U.S. commercial real estate was expected to collapse and drag down the economy but analysts were in for a surprise. Commercial real estate is surging ahead on many levels. The surprising health of commercial property is evident across the country. Obviously, global centers like New York City thrive in a time of high and profitable business activity.
Real Capitals Analytics Inc. reported that investments in office space accounted for the highest rise – more than doubling from 2009 to $41.6 million. According to an index developed by the MIT Center for Real Estate, prices of commercial properties sold by institutional investors rose 19% during 2010 - the second-largest recorded increase. Buyers, lenders, and investors – all groups are pleased with the improvement in this market.
Buyers appreciate the low interest rates. The promise of cheaper financing and greater yields is attracting buyers.
Lenders welcome increased earnings. The rise gives them a cushion for absorbing losses. They are eager to sell distressed properties and loans. TOP Hotel Brokers of NYC assessed the popularity of NYC distressed properties in a December 2010 report.
"Distressed properties are still expected to account for a significant percentage of hotel sales in 2011. Certain investors are interested in this category of hotel. Various high-end hotel properties were sold during the past year. Several of those hotels were purchased in distressed circumstances." ~ TOP Hotel Brokers of NYC
The government's strategy seemed to work for buyers and lenders. Since interest rates are low, lenders have more flexibility. They can hold on to troubled assets for a while. With improving values, lenders and owners have a little room to work out challenging issues.
Investors are gaining confidence in the market. Their optimism is driving the prices of commercial mortgage-backed bonds. In fact, prices of these bonds are higher than they have been in the past two years. Investors' enthusiasm about NYC hotels was summed up in a recent TOP Hotel Brokers of NYC report.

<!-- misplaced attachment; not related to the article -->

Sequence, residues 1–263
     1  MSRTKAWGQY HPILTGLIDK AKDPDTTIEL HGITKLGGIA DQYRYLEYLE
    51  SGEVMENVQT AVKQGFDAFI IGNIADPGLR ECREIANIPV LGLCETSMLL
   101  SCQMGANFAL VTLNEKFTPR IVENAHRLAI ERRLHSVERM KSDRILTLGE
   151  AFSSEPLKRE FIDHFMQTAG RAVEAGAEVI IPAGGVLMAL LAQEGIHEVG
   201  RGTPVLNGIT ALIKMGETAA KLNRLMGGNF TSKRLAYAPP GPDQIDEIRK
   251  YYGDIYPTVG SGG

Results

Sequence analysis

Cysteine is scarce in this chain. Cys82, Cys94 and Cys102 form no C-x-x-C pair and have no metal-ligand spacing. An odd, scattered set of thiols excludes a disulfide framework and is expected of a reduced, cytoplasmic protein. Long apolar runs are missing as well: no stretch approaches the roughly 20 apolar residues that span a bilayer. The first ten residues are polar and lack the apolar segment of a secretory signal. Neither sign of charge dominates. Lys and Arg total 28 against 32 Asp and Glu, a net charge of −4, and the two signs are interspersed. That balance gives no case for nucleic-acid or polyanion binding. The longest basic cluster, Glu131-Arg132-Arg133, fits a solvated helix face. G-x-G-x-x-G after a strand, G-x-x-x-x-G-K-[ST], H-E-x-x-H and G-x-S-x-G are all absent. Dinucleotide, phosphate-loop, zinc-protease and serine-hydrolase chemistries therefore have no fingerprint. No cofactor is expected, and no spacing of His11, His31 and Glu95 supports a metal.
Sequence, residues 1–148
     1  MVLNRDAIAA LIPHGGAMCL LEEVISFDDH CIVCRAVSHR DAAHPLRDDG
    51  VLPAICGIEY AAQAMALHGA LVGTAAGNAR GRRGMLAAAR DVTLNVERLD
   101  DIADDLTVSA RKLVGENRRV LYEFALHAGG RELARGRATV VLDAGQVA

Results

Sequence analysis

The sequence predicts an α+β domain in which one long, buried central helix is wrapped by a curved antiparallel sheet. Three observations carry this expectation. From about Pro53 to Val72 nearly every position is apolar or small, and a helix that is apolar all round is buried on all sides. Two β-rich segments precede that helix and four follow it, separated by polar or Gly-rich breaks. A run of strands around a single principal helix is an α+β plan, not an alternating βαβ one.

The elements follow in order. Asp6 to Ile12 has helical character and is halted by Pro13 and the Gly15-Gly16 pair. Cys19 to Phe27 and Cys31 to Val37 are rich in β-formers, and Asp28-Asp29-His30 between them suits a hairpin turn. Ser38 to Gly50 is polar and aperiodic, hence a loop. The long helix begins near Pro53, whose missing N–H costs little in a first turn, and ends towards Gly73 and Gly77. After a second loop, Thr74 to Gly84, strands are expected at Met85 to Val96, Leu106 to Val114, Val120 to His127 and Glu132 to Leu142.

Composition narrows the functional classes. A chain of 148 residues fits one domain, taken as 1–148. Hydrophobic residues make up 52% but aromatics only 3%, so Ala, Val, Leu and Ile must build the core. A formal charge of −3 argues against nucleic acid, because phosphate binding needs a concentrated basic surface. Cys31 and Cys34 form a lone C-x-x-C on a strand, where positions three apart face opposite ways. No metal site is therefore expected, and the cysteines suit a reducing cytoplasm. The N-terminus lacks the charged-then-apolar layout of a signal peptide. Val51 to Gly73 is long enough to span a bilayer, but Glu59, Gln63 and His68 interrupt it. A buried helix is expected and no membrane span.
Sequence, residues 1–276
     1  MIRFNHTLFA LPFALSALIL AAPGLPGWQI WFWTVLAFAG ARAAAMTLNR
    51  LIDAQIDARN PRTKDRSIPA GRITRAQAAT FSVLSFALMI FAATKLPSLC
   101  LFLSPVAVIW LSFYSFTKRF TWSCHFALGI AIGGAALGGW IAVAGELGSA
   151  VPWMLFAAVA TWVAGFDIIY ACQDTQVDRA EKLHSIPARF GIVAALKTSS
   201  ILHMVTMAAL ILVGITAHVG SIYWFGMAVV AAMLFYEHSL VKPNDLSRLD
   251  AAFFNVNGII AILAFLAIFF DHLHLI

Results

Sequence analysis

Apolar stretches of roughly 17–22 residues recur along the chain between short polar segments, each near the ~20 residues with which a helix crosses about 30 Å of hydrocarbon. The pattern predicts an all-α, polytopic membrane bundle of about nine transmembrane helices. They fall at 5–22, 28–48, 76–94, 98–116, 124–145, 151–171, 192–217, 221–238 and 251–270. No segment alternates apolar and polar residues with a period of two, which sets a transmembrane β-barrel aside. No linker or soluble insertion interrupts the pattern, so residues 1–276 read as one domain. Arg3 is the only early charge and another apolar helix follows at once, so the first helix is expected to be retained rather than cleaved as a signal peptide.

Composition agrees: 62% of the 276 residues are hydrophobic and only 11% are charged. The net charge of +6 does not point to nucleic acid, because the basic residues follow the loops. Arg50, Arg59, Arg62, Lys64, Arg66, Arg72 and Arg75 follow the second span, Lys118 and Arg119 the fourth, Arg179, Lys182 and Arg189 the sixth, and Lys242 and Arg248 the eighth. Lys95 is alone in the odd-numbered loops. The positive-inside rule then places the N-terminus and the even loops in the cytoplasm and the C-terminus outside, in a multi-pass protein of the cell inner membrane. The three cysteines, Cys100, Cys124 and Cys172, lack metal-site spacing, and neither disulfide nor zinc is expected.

"Yet current investors do not seem to be concerned about any increased prices. They just want to be part of the vibrant NYC real estate scene. The Manhattan hotel industry is a very attractive market." ~ "Buying Hotel Growth in NYC - Investors Strategy for Growth in Manhattan Hotel Real Estate"
Of course, it would be irresponsible to suggest that commercial real estate is booming - without exception. The overall trend looks terrific, market and credit requirements have leveled out, and the pricing market is undergoing stabilization in key areas. Certain metrics are showing improvement but there is still an element of unevenness and a percentage of distress.
Lenders who specialize in commercial real estate can still feel a slight pinch. Specific banks will struggle and there will be more losses and additional delinquencies. Yet any loss in commercial real estate will not be the downfall of U.S. financial institutions.
"We do not see commercial real estate losses as a threat to systemically important financial institutions,” says Patrick M. Parkinson, Federal Reserve director of banking supervision and regulation.
Investors share an optimistic view about the future of the U.S. hotel sector. Yet no one can deny that challenges are part and partial of an economic recovery period. The July 11 ALIS Summer Update's 'View from the Boardroom' event shed light on the present state of the U.S. hotel industry.
Quorum Hotels & Resorts
Tony Farris, CEO of Quorum Hotels & Resorts, explained about industry expenses. Monty Bennett, CEO of Dallas-based Ashford Hospitality Trust, said that brands helped reduce costs during the recession. Yet Bennett recognizes a different scenario in the midst of the current rebound.
At present, brands favor increased costs. A post-recession economy differs considerably from a pre-recession period. Although the US is in recovery mode, the rebuilding process is a difficult one.